It's summertime at the movies, and Hollywood has spared no expense in dreaming up ways to usher characters into The Great Beyond.
Already you've seen death by lava and death by dinosaur. Coming soon to your neighborhood theater is death by cruise ship, death by ocean liner, death by airplane, death by aliens, death by insect, death by icicle and death by kiss. Naturally, there also will be a full slate of the more ho-hum leave-takings by gunfire, bomb and knife blade.
It may be September before anyone on the big screen dies from natural causes.
All this death costs money. Plenty of it. The summer's 14 blockbusters -- 14! -- represent an investment of well over $1 billion, easily the most ever spent during the summer season. Is the market really big enough for all of them to recoup? Highly unlikely. The last deaths of the summer may be those of some movie careers.
Why death? Hollywood figures that what everyone wants during the summer is big, escapist fare. And there's nothing more escapist than death.
But for those whose intellect doesn't disappear during the hot weather, the summer movie list holds the prospect of some satisfactions brought to you by such folks as Peter Fonda, Pete Postlethwaite and Japanese director Masayuki Suo. Love and comedy also manage to dodge the explosions and intergalactic chases.
Still, a word to the movie-going wise. Keep your heads down this summer. It's going to be dangerous out there.
Here's what's coming (with the usual caveat: Release dates change as quicklyas the fortunes of an Oriole closer):
"Trial and Error": In the first of a batch of summer buddy movies, lawyer Jeff Daniels overdoes it at a bachelor party. He's forced to turn to his witless actor pal Michael Richards (Kramer on "Seinfeld") to fill in for him in court. Directed by Jonathan Lynn, whose "My Cousin Vinny" showed a flair for courtroom farce.
"Gone Fishin' ": Danny Glover and Joe Pesci play a pair of accident-prone idiots who head off for a fishing trip and end up in a jewel heist. It's a bad sign when the trailer for a comedy doesn't produce a single laugh.
" 'Til There Was You": A much-delayed romantic comedy (the extra time didn't help) starring Jeanne Tripplehorn and Dylan McDermott as strangers who are meant for each other. Will they
end up together? What do you think?
"Con Air": This testosterone-engorged $75 million thriller sports an unusually fine cast. Nicolas Cage, revealing new musculature, stars as a parolee who hitches a ride home to his wife and child on an air transport that is carrying the planet's most repellent criminals. John Malkovitch is the villain (surprise!) who is trying to hijack the plane. John Cusack plays a U.S. marshal on the ground who, with Cage's assistance, must stop him.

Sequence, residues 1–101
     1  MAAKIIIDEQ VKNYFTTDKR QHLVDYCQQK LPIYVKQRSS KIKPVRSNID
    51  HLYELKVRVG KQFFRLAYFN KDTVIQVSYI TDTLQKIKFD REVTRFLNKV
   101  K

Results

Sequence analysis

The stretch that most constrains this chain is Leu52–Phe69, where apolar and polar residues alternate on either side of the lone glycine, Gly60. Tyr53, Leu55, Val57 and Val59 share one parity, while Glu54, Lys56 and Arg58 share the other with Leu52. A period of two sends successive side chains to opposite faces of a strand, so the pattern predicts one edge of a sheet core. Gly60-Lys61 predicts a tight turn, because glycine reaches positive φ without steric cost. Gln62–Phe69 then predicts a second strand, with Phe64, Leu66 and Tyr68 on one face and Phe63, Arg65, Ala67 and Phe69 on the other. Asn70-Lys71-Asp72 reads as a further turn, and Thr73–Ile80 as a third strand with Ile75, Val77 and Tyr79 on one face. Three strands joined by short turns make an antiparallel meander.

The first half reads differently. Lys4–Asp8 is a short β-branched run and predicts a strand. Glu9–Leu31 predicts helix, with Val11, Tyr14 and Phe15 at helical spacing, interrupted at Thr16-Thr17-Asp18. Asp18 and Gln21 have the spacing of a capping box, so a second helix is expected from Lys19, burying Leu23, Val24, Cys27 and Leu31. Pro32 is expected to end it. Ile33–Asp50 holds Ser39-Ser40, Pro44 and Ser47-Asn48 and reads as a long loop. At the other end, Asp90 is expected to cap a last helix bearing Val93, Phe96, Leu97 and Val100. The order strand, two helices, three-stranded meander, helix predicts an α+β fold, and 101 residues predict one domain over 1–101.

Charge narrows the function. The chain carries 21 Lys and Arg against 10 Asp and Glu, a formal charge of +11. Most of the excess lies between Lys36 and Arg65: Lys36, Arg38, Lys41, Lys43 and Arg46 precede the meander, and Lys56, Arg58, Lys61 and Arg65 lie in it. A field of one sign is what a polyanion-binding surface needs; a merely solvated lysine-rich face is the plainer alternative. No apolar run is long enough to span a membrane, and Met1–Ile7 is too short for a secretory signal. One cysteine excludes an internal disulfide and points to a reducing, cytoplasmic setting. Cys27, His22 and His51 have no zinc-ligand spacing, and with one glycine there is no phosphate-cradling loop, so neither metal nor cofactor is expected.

"Buddy": Rene Russo portrays Gertrude Lintz, a real-life eccentric New York socialite who in the '20s raised an 800-pound gorilla as her son to protest conditions at the zoo. They probably can get any table they want at Chuck E. Cheese.
"Love! Valour! Compassion!": Jason Alexander, homophobic George on "Seinfeld," stars in this screen adaptation of Terrence McNally's award-winning comedy. A group of gay friends spends three summer holiday weekends in a country house sorting through issues of love, friendship and mortality. What does that leave for winter holiday weekends?
"Brassed Off": With explosions resounding from screens all summer, this movie delivers a welcome alternative: the jolly sounds of a brass band. An inventive variation on "Rocky," this drama has a forthrightly pro-unionist slant and an exceptional cast. Pete Postlethwaite stars as the leader of a brass band in a grimy British town whose coal mine is threatened with closure by Margaret Thatcher's government. Dedicated Tories will want to skip this one.
"Speed 2: Cruise Control": With Sandra Bullock aboard, even a La-Z-Boy would become a death trap. Bullock and new boyfriend Jason Patric (Keanu Reeves took a powder on this trip) head for a Caribbean vacation when their cruise ship is commandeered by Willem Dafoe, ship designer and jewel thief (it's good to show versatility on the resume). At a reported cost of $140 million, this sequel is directed by "Twister's" Jan De Bont.
"Love and Other Catastrophes": Directed by 25-year-old Emma-Kate Croghan, this screwball comedy follows the romantic high jinks of five Australian college students.
"Batman & Robin": Another Batman movie, another Batman. Does it really matter? Probably not when you've got Arnold Schwarzenegger as the icicle-firing Mr. Freeze, Uma Thurman as lethal kisser Poison Ivy, Alicia Silverstone as Batgirl and (is this overkill, or what?) Elle McPherson as Batman's love interest. For the record, "ER's" George Clooney dons the black cowl this time around, and Chris O'Donnell returns as sidekick Robin. After salaries, how much is left of the reported $110 million budget? Directed by Joel Schumacher, who did the last one, "Batman Forever."